2-9-04, 5:20 a.m.
BY GEOFF HOBSON
It was a five-star effort in a five-star game among the stars. But an hour after the best Pro Bowl a Bengal ever had in the best Pro Bowl ever, wide receiver Chad Johnson munched on a fast-food cheeseburger.
"Been eating McDonald's over here all week," said Johnson from Hawaii early Monday as he savored his five catches for 156 yards. "I don't think I had anything to prove. But whenever you hear people doubt, or have questions, it's always good to show them wrong."
Johnson and Bengals right tackle Willie Anderson started the biggest scoring display in all-star history when Johnson wasted no time in becoming the first Bengal to ever score an offensive point in the Pro Bowl Sunday when he caught Tennessee quarterback Steve McNair's 90-yard touchdown pass on the AFC's first play from scrimmage.
But after falling behind 38-13, the NFC rallied for a 55-52 victory when Colts kicker Mike Vanderjagt missed a 51-yard field goal try on the last play of a game that saw both teams break the Pro Bowl record of 51 points.
After McNair's play-action fake, he had his choice of Johnson going long or Colts receiver Marvin Harrison coming across the middle. With Johnson all by himself streaking past Lions cornerback Dre' Bly, the decision was made with the second longest Pro Bowl pass in history.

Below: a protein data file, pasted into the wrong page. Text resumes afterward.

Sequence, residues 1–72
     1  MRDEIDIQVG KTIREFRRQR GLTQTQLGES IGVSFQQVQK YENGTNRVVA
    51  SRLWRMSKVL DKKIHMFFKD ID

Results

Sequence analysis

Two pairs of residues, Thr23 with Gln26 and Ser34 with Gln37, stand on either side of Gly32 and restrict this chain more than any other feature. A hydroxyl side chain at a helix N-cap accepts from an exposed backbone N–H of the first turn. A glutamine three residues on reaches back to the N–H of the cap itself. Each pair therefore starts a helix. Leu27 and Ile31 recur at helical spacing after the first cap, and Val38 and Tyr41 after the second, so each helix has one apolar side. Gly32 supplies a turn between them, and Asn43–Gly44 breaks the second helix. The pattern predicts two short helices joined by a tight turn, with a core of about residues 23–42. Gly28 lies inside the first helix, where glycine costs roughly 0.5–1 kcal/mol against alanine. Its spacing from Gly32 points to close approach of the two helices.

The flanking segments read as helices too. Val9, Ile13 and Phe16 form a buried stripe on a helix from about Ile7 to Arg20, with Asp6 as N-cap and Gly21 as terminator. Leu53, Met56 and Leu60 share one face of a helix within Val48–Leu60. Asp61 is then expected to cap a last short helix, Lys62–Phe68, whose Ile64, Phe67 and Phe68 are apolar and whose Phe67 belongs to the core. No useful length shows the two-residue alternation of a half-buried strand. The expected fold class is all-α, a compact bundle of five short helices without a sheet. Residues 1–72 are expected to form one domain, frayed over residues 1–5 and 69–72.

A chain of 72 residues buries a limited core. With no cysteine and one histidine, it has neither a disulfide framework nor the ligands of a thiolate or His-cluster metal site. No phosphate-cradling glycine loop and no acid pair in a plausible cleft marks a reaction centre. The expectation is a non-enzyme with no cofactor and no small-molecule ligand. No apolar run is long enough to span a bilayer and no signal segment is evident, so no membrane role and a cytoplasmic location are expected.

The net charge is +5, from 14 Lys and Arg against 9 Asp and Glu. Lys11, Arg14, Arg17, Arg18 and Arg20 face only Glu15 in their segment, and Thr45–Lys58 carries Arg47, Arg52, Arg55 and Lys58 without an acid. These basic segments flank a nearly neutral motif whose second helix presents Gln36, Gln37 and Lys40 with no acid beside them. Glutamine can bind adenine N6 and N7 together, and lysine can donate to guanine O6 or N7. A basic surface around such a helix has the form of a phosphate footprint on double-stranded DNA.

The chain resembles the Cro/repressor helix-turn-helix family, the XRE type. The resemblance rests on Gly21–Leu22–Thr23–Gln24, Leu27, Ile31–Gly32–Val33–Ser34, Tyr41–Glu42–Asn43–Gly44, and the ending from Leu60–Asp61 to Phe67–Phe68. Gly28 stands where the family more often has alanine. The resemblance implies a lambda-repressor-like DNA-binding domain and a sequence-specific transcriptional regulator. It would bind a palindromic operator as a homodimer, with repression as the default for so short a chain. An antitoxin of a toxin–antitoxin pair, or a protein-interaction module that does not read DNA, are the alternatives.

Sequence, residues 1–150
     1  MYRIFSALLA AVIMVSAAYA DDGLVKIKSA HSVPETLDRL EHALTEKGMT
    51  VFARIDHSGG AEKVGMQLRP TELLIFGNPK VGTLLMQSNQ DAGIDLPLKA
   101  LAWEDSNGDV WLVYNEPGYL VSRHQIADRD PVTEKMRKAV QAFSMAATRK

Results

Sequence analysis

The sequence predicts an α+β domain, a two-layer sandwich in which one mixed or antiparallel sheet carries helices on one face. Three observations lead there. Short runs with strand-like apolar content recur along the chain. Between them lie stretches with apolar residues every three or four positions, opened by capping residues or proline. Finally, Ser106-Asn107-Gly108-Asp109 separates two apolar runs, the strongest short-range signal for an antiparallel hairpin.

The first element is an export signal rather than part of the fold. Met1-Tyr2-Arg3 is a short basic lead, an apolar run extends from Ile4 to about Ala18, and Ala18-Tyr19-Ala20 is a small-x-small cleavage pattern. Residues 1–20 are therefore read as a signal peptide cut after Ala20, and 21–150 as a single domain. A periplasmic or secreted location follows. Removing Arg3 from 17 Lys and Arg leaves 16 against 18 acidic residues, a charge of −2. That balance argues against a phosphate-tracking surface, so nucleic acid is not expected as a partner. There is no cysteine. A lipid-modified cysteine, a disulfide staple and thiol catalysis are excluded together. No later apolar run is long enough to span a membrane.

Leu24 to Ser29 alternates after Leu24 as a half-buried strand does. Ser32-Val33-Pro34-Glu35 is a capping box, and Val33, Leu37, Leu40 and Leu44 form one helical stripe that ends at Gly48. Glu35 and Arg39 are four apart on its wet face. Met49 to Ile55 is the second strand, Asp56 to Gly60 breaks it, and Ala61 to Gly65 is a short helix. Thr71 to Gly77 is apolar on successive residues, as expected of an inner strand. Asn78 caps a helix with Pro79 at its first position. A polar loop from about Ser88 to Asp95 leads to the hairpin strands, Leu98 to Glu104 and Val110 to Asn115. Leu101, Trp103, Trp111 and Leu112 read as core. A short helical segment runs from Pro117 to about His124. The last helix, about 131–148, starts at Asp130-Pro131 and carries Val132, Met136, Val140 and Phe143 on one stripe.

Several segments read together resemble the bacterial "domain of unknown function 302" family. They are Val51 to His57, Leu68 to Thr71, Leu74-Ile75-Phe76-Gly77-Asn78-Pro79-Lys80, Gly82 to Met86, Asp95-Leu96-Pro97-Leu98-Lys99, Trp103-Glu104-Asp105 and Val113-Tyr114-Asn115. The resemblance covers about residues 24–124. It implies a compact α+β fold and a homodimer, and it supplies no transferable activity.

"I told you I would," said Johnson of last week's assurance he would break the Bengal drought. "That was a post corner. A real deep post corner. The Steelers run that all the time with Hines Ward and Plaxico (Burress) and it always works. Marvin was running a drag on the back side and (Bly) peeked at him for a second and the safety jumped Marvin, too, and I was all by myself. I've been that open all year."
Maybe the most eye-opening part of the play was at the finish, when Johnson simply dropped the ball in the end zone instead of unveiling one of his celebrations that cost him at least twice this year with the NFL office.
But Johnson and his mates were warned before the game that there could be no funny business, and Johnson thinks it's because his plan leaked out just before kickoff.
"I was going to do my Janet Jackson," said Johnson, referring to last week's incident at halftime of the Super Bowl.
Johnson said he planned to put some extra material on his jersey and "the first guy that reached me in the end zone was going to tear it off. And then I'd have something like the NFL logo showing after he ripped it off. That would have been pretty good. But I think the word got out."
It also probably would have been pretty expensive and Johnson just caught a break from the league. A few days after Bengals quarterback Jon Kitna revealed that his fine for wearing a ball cap with a cross in a post-game news conference had been rescinded, Johnson said some of his fines had also been rescinded by the NFL.
"I'm not sure if they were the fines for the uniform (violations) or celebrations," Johnson said. "I just know they told me it's not as much as I had."